Circulation Research | Year: 2013

Heart failure (HF), the leading cause of death in the western world, develops when a cardiac injury or insult impairs the ability of the heart to pump blood and maintain tissue perfusion. It is characterized by a complex interplay of several neurohormonal mechanisms that become activated in the syndrome to try and sustain cardiac output in the face of decompensating function. Perhaps the most prominent among these neurohormonal mechanisms is the adrenergic (or sympathetic) nervous system (ANS), whose activity and outflow are enormously elevated in HF. Acutely, and if the heart works properly, this activation of the ANS will promptly restore cardiac function. However, if the cardiac insult persists over time, chances are the ANS will not be able to maintain cardiac function, the heart will progress into a state of chronic decompensated HF, and the hyperactive ANS will continue to push the heart to work at a level much higher than the cardiac muscle can handle. From that point on, ANS hyperactivity becomes a major problem in HF, conferring significant toxicity to the failing heart and markedly increasing its morbidity and mortality. The present review discusses the role of the ANS in cardiac physiology and in HF pathophysiology, the mechanisms of regulation of ANS activity and how they go awry in chronic HF, methods of measuring ANS activity in HF, the molecular alterations in heart physiology that occur in HF, along with their pharmacological and therapeutic implications, and, finally, drugs and other therapeutic modalities used in HF treatment that target or affect the ANS and its effects on the failing heart. © 2013 American Heart Association, Inc. Source


Giese M.J.,4148 NW 19th Terrace | Speth R.C.,Nova Southeastern University
Pharmacology and Therapeutics | Year: 2014

The renin-angiotensin system (RAS) is most well-known for its role in regulation and dysregulation of blood pressure as well as fluid and electrolyte homeostasis. Due to its ability to cause cardiovascular disease, the RAS is the target of a multitude of drugs that antagonize its pathophysiological effects. While the "classical" RAS is a systemic hormonal system, there is an increasing awareness of the existence and functional significance of local RASs in a number of organs, e.g., liver, kidney, heart, lungs, reproductive organs, adipose tissue and adrenal. The eye is one of these organs where a compelling body of evidence has demonstrated the presence of a local RAS. Individual components of the RAS have been shown to be present in many structures of the eye and their potential functional significance in ocular disease states is described. Because the eye is one of the most important and complex organs in the body, this review also discusses the implications of dysregulation of the systemic RAS on the pathogenesis of ocular diseases and how pharmacological manipulation of the RAS might lead to novel or adjunctive therapies for ocular disease states. © 2013 Elsevier Inc. All rights reserved. Source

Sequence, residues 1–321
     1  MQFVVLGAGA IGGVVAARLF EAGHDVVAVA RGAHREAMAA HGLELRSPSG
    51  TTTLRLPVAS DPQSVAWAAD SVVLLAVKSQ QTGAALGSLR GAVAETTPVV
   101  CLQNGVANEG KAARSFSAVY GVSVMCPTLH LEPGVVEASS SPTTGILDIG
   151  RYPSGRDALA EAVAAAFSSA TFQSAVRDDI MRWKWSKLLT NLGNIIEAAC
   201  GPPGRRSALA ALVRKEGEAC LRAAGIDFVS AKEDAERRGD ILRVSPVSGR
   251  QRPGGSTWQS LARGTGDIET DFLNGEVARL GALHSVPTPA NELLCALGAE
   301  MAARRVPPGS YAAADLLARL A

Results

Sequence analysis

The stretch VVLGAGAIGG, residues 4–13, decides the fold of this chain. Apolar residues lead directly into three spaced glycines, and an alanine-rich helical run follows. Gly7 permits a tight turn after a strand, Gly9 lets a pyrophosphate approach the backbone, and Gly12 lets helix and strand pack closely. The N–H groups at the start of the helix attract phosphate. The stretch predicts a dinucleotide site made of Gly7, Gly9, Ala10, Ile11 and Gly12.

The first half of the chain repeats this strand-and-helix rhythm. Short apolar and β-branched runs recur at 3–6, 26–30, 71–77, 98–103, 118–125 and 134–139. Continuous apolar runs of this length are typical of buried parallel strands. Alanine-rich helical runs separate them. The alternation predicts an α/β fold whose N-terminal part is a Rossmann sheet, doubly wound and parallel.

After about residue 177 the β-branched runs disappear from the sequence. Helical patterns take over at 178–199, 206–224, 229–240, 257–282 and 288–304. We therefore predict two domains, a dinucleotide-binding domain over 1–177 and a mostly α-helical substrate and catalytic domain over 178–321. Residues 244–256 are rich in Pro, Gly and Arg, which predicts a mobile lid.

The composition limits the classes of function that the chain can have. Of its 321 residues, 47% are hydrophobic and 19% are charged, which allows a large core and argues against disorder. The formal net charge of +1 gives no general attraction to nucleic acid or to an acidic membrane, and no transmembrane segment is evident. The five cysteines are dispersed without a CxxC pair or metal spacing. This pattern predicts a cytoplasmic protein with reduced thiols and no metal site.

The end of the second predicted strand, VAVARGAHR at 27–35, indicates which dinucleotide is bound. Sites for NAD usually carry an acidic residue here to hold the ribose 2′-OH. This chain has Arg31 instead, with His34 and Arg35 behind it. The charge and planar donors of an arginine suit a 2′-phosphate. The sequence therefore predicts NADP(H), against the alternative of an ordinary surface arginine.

Lymperopoulos A.,Nova Southeastern University
Frontiers in Physiology | Year: 2013

Heart failure (HF), the leading cause of death in the western world, ensues in response to cardiac injury or insult and represents the inability of the heart to adequately pump blood and maintain tissue perfusion. It is characterized by complex interactions of several neurohormonal mechanisms that get activated in the syndrome in order to try and sustain cardiac output in the face of decompensating function. The most prominent among these neurohormonal mechanisms is the adrenergic (or sympathetic) nervous system (ANS), whose activity and outflow are greatly elevated in HF. Acutely, provided that the heart still works properly, this activation of the ANS will promptly restore cardiac function according to the fundamental Frank-Starling law of cardiac function. However, if the cardiac insult persists over time, this law no longer applies and ANS will not be able to sustain cardiac function. This is called decompensated HF, and the hyperactive ANS will continue to "push" the heart to work at a level much higher than the cardiac muscle can handle. From that point on, ANS hyperactivity becomes a major problem in HF, conferring significant toxicity to the failing heart and markedly increasing its morbidity and mortality. The present review discusses the role of the ANS in cardiac physiology and in HF pathophysiology, the mechanisms of regulation of ANS activity and how they go awry in chronic HF, and, finally, the molecular alterations in heart physiology that occur in HF along with their pharmacological and therapeutic implications for the failing heart. © 2013 Lymperopoulos. Source